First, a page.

The availability of resources was the key factor in their use of an online support group, followed by convenience, access to good advice and lack of embarrassment when dealing with personal issues. In addition, about three-fourths of the participants said anonymity was an important feature of online support use.

The study found that 49.5 percent of participants said they believed their quality of life improved, and 41 percent perceived improvements in psoriasis severity, after they joined an online group. The findings were published in the January issue of Archives of Dermatology.

"Although online psoriasis support groups are still in their nascent stage, they have captured a loyal and growing audience," wrote Shereene Z. Idriss and colleagues at the Center for Connected Health, Massachusetts General Hospital and Harvard Medical School, all in Boston. "The dermatology community should consider leveraging the infrastructure of online support groups to build on delivering personalized and integrated medical care to individuals affected by psoriasis."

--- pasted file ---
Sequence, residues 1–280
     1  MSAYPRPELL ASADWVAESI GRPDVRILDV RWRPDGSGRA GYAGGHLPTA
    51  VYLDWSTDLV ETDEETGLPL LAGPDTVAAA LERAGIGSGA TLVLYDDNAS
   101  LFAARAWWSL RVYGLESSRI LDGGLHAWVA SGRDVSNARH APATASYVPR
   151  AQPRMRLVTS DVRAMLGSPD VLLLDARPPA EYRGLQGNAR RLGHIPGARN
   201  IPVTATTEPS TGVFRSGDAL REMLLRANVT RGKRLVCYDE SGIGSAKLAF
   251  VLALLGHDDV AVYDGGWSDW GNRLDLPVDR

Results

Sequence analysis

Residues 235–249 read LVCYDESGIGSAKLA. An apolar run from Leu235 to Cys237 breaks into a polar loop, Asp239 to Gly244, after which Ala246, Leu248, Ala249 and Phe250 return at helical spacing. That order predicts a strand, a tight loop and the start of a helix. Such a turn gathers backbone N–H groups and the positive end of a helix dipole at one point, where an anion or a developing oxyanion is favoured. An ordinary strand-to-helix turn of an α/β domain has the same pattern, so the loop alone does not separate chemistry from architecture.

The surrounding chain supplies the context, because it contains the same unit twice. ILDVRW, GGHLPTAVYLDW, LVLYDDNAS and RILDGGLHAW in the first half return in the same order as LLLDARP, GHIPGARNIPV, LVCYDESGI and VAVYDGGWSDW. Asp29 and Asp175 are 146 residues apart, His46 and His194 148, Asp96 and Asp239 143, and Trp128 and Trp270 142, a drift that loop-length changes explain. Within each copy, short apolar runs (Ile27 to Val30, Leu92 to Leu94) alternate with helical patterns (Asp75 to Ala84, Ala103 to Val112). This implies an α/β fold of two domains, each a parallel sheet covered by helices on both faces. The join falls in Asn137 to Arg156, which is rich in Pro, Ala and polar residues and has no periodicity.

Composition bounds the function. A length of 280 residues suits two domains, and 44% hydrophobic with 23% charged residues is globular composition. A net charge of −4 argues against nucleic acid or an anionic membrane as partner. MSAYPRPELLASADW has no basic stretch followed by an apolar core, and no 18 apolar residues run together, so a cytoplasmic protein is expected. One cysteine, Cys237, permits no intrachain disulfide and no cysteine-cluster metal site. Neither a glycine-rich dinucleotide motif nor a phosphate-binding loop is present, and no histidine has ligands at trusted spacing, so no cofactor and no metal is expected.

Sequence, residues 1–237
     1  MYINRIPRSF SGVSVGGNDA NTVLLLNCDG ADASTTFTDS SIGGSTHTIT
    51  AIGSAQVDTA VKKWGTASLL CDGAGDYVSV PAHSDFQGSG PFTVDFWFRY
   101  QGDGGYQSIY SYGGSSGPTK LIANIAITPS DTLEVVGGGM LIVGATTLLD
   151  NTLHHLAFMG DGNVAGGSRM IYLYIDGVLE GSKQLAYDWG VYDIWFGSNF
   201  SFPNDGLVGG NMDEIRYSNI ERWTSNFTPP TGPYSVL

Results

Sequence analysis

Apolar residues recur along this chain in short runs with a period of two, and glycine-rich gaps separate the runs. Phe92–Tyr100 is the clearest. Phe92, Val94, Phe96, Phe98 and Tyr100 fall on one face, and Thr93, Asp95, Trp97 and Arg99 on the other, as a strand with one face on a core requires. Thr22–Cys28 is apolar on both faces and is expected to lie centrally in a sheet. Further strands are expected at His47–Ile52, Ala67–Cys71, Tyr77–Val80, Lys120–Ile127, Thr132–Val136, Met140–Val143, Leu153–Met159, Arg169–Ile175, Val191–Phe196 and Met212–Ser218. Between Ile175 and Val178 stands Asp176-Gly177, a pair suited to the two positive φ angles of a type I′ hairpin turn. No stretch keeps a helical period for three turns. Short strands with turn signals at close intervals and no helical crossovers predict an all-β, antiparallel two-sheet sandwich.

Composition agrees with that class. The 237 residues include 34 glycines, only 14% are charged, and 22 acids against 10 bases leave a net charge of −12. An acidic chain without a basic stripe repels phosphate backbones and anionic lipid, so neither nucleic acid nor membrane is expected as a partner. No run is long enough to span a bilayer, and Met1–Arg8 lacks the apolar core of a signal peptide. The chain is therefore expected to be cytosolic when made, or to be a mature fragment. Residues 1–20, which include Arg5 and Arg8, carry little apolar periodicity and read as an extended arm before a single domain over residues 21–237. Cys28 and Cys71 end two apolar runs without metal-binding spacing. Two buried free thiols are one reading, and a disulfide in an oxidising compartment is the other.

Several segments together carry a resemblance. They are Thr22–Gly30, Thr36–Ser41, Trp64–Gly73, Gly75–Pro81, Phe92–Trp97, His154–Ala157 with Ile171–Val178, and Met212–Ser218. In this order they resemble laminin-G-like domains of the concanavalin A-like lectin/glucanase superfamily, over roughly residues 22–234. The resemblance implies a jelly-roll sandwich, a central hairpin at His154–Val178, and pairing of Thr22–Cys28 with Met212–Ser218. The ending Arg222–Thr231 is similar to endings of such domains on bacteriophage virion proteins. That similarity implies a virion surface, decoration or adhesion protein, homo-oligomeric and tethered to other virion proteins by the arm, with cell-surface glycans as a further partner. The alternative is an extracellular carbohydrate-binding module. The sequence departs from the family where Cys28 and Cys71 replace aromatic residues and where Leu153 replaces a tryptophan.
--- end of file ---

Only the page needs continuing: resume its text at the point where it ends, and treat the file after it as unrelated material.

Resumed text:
Psoriasis, a disease that causes skin and joint problems, affects 0.6 percent to 4.8 percent of the world's population, according to background information in the study. The disease can also affect financial, emotional and sexual well-being, and about 10 percent of people with psoriasis have contemplated suicide, the study said in explaining the need for psychological support for people with the disease.

More information

The American Academy of Family Physicians has more about psoriasis.



-- Robert Preidt



SOURCE: JAMA/Archives journals, news release, Jan. 19, 2009

Last Updated: Jan. 22, 2009